I'd like to take a moment talk about (what else?) purses.
Because the Japanese love them some purses. Japanese women love purses, of course, the way a fat kid loves cake. Outrageous purses and subdued purses, high-tech purses and fuzzy hippie purses like the sewn-up skin of a Lorax.
Know who else loves purses? Japanese men. They love purses, fanny packs, briefcases, messenger bags and backpacks. They love cell phone purses to carry on their belts and they love canvas shopping bags to carry over their shoulder like your mother did in the Seventies. Japanese guys are, by many American standards, gay as hell. Except they're not. They just really like purses.
An entire floor in the department store Tokyu Hands is devoted to various personal cargo transportation solutions. Tiny pouches on turquoise-studded straps retail for two hundred dollars. (The Japanese can't seem to get over their turquoise.) A company called Agility makes $250 suede chalk bags for rock climbers, though of course they're used for cell phones and business cards. The Porter section alone was as large as the men's shoe department of Minneapolis Macy's. There was an entire wall of hard-shell backpacks: smooth, ridged plastic cases resembling Yakima car boxes. Their straps were detachable, and could be fastened in various ways so that backpack was upright, horizontal, or worn like a shoulder bag.
I was really intrigued by the offerings of a company called Tagger. Their customizable messenger bags are sold in separate pieces: strap, bag and top flap were all sold separately. The top flaps were held onto the bag by velcro on both sides: they could be opened from the right or the left, or the flap could be completely detached. There were dozens of different colors and patterns so the Japanese kids could clash in a different way every day of the week.
There was another brand that specialized in bags sold in zippered segments of various colors. Beginning with the bottom piece, which is sewn shut at the bottom, new segments are zipped on, creating a bag as tall and multi-hued as one could hope for. The only problem is that they're damn ugly. Another company sold heavy-duty messenger bags assembled with big rivets, with waterproof zippers whose tabs stuck out like silver tongues from rubber lips.
Japanese people love their fanny packs, too. They use them to carry phones, iPods, etc.* But they're not the purple nylon numbers you see at the State Fair. (Although you can buy those too.) They are small pouches intended to hang from the belt loops of a pair of designer jeans. Alternately you can wear them around your waist or over your shoulder using the tiny strap that's included. Gaysville.
These bags are so varied it's impossible to make a single generalization about them. They can be leather, pleather, plastic or canvas; studded with jewels, plain and minimal or patterned and embroidered; large and bulging with pockets, slim and low-profile or only big enough for a condom and some change. They cost anywhere from seven dollars to three hundred dollars. Everyone has a few, it seems. Tough-looking dudes covered in tattoos will strut around with a little leather fanny pack bouncing against their right buttock. There's one for every conceivable style and occasion. They are as integral to Japanese fashion as baseball caps are to American fashion.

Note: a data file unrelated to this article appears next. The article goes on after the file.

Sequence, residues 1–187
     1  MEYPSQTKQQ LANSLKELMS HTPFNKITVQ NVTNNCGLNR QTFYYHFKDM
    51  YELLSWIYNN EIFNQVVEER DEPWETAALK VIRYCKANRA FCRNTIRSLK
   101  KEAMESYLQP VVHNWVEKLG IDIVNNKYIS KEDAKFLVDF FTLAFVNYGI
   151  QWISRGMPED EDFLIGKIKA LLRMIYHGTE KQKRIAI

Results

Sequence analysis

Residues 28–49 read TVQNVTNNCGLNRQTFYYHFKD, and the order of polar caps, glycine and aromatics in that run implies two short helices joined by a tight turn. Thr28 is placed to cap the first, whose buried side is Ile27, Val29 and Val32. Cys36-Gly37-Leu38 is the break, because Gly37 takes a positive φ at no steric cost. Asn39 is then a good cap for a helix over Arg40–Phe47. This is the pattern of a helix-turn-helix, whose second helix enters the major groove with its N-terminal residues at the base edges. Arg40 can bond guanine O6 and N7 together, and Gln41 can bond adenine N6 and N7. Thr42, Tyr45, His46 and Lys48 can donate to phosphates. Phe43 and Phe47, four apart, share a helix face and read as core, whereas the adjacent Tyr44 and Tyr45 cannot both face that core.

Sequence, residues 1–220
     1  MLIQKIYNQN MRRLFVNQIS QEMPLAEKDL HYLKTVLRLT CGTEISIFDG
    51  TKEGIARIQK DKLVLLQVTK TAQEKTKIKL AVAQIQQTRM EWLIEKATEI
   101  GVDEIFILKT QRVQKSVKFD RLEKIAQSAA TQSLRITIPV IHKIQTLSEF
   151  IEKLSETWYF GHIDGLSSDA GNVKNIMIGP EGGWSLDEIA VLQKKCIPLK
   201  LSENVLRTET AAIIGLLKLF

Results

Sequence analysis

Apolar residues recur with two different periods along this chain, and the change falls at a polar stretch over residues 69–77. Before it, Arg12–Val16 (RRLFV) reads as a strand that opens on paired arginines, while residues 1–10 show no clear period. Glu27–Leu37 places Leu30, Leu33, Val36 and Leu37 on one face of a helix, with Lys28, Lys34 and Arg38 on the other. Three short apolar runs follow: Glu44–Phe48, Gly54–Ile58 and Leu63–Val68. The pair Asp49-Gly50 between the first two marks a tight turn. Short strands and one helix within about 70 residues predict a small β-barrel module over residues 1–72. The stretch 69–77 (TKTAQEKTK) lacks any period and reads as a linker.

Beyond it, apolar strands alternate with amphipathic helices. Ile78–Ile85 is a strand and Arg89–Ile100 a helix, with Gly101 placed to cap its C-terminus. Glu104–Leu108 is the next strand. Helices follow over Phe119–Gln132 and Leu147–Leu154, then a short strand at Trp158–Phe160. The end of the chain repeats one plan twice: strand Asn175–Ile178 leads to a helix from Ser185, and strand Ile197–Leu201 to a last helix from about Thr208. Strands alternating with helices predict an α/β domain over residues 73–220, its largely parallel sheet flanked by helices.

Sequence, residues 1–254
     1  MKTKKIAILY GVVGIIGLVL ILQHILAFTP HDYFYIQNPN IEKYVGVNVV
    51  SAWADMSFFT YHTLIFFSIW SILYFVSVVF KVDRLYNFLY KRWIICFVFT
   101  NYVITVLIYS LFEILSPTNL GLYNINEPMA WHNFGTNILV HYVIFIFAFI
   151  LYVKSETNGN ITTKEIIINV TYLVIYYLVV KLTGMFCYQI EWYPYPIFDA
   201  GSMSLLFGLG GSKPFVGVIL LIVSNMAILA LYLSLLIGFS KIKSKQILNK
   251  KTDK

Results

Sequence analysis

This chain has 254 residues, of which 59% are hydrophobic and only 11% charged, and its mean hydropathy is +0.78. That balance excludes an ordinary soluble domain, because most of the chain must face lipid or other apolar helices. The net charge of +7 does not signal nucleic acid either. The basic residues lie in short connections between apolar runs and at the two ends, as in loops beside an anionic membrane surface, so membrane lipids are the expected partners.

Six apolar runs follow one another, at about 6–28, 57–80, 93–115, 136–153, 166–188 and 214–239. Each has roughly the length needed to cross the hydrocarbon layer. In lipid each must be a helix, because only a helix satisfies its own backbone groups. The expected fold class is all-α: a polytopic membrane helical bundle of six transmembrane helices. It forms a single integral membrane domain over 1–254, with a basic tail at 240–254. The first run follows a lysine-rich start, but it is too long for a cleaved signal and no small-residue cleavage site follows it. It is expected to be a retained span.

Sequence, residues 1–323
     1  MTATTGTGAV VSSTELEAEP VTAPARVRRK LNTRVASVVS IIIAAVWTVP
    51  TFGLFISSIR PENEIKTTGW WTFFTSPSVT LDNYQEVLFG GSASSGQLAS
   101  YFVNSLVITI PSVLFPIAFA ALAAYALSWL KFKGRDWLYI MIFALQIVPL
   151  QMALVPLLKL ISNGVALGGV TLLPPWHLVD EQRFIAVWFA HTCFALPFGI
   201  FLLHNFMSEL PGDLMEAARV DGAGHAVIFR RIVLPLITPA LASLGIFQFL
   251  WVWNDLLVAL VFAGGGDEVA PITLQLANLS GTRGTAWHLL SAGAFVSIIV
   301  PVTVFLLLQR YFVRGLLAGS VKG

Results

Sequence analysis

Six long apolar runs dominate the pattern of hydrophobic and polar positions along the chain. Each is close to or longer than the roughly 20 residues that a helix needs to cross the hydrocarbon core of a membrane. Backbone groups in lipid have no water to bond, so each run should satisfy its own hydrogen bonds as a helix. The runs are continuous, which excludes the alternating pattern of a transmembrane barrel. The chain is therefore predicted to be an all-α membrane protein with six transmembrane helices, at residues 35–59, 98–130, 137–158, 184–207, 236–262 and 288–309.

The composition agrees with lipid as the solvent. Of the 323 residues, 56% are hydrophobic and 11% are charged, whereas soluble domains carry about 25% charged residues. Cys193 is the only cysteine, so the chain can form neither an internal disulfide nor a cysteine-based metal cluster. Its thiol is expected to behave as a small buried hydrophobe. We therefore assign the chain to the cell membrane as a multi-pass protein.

A more temporary fad (I hope) are these crazy double-waisted jeans that I occasionally see men wearing. Imagine a guy wearing a pair of jeans. Now imagine him stepping into a second pair of jeans and pulling them up until they just barely reach his back pockets. These double jeans have that effect. The makers sew the top three inches of one pair of jeans into a second pair of jeans. Usually the lower pair has a bunch of different-colored belt loops sewn onto the waist--or what would be the waist if they weren't hanging several inches below a second waist. It make me wonder how many more pair of jeans are underneath that pair. It's a weird look, like they're always falling off, The Five Hundred Jeans of Bartholomew Cubbins. I don't get it, that's for sure. What would appear, to me, to be ridiculous is apparently pretty cool to some guys. I wonder if it's one of those things that I'll only get several years after it's not cool anymore.
In a different clothing store I saw something slightly similar: a black hooded sweatshirt with another hooded sweatshirt sewn into it. It gave the effect of wearing two hoodies. Now that in itself is nothing new, but I had a problem with the fact that there wasn't actually a second hoodie inside. There were two zippers, two cuffs, and two hoods sewn on at the edges, but, for instance, in the back there was only one layer of fabric. I considered that to be affectation, which as a rule I don't really like. Nor was this hoodie particularly well-made. It looked like it would survive about two washings. But these were apparently a pretty hot item for that store. Silly, cheap crap, I guess, is the new black.